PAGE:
Small-scale and backyard poultry and livestock owners have been previously surveyed to identify knowledge gaps, animal husbandry awareness, and for census reasons [2,5,11,14–21]. These studies reported that although this population is difficult to assess, some common concerns and issues associated with UPA livestock/poultry ownership could be identified. First, although poultry presence in four major cities (Los Angeles, Denver, Miami and New York City) was low, approximately 4% of people anticipated owning poultry within the next 4 years . Second, the belief that backyard-raised chickens and eggs were healthier when compared to commercial egg products was widely held. A 2014 study of poultry owners conducted in collaboration between Master Gardener programs and Better Homes and Gardens magazine found that a significant proportion of respondents identified themselves as urban or suburban, 41% had incomes greater than $100,000, and the majority of these owners raised poultry for their own use . These results are consistent with other studies showing that the majority of backyard chicken owners utilize their poultry products for private use [2,17,23]. Moreover, many owners view poultry more as pets than production animals [2,14]. As no national standards for care or licensure for backyard poultry or livestock owners exist, the potential welfare of and disease risks for these animals should be evaluated . As people become more attached to their animals, their motivation to seek out veterinary care may also increase. Many survey respondents indicated a desire for more and better-trained providers to care for their poultry . Considering that the majority of urban and peri-urban veterinary practitioners are likely focused on small animal (i.e., companion animal) medicine, exactly where these poultry and livestock owners can find proficient livestock care is an open question.
A 2006 article on the “Future of Veterinary Medicine in Poultry Production” described the current educational environment as one in which a small consolidated group of veterinary colleges have maintained robust poultry medicine programs and the rest have either eliminated or lack any poultry medicine programs whatsoever . This has not resulted in a serious veterinary shortage for the commercial poultry industry because it has developed private and independent post-graduate in-house training programs. However, in light of the dearth of collegiate programs, providing clinical training in poultry medicine would require a revamp of current veterinary curriculae in most colleges . In addition, new US FDA requirements for veterinary oversight of in-feed and water antibiotics and the need for a valid VCPR should increase the demand for veterinary services by small-scale livestock and poultry owners . On January 1, 2017, the US FDA’s GFI213 was fully implemented: the in-feed use of medically important antimicrobials for growth promotion was removed from product labels, and a medically important antimicrobials now required veterinary oversight for use (a veterinary feed directive for antibiotics administered in feed and veterinary prescription for antibiotics used in water) . The question arose whether or not small-scale animal/ UPA producers experience a lack of access to adequate veterinary care. Therefore, we conducted a cross-sectional study to assess the knowledge of small-scale and backyard livestock owners in four states (Washington, California, Oregon and Colorado) regarding animal health, biosecurity, food safety, husbandry and hygiene practices and their perceptions of veterinary care needs for their animals.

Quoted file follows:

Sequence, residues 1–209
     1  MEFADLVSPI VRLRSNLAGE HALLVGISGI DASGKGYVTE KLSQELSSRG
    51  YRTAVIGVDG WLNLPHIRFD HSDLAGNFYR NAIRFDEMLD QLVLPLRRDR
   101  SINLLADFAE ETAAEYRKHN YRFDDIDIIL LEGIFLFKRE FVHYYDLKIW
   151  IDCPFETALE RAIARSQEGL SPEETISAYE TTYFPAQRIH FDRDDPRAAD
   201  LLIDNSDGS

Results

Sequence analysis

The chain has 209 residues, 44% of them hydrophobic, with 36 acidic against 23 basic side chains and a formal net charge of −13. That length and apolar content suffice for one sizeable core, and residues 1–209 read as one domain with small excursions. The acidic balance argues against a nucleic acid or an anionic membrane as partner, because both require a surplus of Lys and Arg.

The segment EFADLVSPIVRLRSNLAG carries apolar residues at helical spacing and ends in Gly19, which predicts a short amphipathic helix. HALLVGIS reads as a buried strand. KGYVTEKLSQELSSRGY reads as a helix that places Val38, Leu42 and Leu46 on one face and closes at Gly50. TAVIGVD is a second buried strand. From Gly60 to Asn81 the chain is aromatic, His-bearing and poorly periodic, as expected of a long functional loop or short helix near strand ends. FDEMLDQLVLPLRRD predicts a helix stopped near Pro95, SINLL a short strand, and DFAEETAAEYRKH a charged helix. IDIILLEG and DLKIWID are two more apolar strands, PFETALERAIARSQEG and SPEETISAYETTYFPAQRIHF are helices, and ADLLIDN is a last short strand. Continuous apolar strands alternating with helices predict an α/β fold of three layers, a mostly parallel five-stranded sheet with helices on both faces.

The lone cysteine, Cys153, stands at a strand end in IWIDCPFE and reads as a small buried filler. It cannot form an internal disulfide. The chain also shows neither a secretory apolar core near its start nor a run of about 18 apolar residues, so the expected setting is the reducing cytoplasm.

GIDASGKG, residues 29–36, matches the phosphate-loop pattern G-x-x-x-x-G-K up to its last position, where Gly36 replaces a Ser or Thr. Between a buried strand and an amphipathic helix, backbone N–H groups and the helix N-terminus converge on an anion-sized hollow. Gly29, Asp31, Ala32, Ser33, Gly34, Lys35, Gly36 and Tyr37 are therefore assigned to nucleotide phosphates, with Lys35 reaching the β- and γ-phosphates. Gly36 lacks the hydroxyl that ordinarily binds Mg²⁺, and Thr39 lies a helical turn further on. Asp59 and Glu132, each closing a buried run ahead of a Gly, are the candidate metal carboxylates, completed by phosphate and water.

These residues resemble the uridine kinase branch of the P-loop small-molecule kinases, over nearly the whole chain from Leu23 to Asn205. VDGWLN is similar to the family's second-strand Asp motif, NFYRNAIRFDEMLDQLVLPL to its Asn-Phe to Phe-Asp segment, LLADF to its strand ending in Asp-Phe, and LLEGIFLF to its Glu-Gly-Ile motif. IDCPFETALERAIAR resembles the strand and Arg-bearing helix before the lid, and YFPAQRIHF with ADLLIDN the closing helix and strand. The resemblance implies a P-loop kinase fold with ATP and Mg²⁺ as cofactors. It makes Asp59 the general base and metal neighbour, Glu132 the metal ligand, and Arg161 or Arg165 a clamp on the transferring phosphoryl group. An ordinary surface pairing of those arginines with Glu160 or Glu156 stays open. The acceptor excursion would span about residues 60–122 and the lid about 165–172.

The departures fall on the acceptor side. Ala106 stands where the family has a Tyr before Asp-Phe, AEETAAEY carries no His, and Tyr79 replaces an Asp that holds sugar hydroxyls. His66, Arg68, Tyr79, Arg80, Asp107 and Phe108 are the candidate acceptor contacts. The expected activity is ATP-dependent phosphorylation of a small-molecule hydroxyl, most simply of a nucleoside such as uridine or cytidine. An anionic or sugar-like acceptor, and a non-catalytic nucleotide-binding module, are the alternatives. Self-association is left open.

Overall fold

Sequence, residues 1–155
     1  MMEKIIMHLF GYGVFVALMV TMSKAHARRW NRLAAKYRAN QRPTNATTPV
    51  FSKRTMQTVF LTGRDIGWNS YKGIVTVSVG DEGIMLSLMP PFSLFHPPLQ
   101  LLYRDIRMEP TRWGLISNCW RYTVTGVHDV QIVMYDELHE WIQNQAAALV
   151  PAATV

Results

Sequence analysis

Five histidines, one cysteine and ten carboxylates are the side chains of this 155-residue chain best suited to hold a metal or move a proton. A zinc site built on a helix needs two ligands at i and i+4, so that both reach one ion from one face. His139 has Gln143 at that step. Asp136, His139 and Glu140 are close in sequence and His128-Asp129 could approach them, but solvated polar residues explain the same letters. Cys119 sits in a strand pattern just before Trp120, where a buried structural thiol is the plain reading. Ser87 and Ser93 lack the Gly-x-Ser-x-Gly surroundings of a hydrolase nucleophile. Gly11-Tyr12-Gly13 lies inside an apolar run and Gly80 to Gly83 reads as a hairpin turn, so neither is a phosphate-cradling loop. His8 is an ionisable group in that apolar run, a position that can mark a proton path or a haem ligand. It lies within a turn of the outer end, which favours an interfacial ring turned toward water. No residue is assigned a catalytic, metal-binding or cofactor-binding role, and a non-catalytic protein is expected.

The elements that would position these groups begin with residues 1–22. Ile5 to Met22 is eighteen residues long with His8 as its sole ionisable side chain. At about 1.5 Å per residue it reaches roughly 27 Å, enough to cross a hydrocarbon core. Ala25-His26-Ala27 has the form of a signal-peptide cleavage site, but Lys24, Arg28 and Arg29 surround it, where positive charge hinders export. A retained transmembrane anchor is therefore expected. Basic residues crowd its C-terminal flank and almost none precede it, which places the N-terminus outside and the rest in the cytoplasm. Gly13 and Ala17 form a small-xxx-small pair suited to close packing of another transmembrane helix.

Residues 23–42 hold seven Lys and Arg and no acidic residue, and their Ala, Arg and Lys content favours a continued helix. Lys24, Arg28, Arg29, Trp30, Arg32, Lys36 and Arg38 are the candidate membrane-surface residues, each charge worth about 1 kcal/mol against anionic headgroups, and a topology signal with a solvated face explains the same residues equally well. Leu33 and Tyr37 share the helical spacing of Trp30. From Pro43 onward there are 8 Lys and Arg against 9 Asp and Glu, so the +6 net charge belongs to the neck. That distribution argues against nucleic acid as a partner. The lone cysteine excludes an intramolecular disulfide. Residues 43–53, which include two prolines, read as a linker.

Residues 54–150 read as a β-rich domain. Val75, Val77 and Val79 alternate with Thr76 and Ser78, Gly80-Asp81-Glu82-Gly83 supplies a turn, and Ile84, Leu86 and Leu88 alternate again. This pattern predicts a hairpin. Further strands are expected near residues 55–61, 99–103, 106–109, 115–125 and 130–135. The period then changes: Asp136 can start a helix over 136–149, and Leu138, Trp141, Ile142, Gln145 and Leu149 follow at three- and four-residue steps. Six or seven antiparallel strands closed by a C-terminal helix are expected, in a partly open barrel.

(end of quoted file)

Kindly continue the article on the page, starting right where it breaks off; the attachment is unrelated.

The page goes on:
Materials and methods
Study population and survey instrument
The semi-structured survey consisted of 28 questions, including a combination of binary, categorical and open-ended questions, and was delivered using an online survey platform and in person (the survey is available from the corresponding author). A pilot survey was distributed at the Country Living Expo in Stanwood, WA, and was adapted for this study. The final survey tool was pre-tested with five members of the faculty and staff at University of California, School of Veterinary Medicine–Davis. The survey instrument was approved for use with human subjects by the Institutional Review Board, University of California, Davis (#726301–1), and Washington State University, Pullman (#14537). The survey was introduced at The National Heirloom Exposition, September 8–10, 2015, Santa Rosa, CA, and at the UCD Goat Day, UC Davis, CA, January 23, 2016. Hard copies of the survey were made available at these events and by request to any interested owners during the study period. If individuals expressed interest in the survey but did not have time to complete it, they were given a card with a link to an online survey. The online survey was advertised in the four states as follows: flyers that were posted at local feed stores, fairs and conferences; social media (e.g., Facebook, Twitter); newsletters; email lists; local and regional small-scale holder interest group Web sites; and word-of-mouth. The cover letter described the selection criteria for production animal species (poultry, cattle, swine, sheep, goats, or camelids), small-scale farm/premise size (operations with annual sales of less than $500,000; maximum of 500 goats/sheep, 100 cows or 100 pigs; or are poultry producers who process or sell less than 1,000 chickens a year) and peri-urban/backyard premises (animal-raising within urban and peri-urban, residential areas with the goal of production of animal products for self-consumption and/or distribution and marketing of products within those areas). The survey was available to respondents between September 8, 2015 and June 30, 2016 in California, Oregon, and Washington, and between November 15, 2016 and January 15, 2017 in Colorado.